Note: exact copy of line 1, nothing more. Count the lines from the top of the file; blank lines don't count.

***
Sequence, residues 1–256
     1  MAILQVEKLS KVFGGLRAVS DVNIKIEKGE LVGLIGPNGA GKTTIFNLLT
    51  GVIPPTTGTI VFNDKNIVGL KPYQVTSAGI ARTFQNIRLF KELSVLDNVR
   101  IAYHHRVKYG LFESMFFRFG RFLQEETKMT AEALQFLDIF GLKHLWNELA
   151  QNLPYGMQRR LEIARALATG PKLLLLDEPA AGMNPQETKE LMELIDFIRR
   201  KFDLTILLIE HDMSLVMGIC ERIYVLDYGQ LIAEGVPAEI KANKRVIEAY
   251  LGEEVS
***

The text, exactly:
Sequence, residues 1–256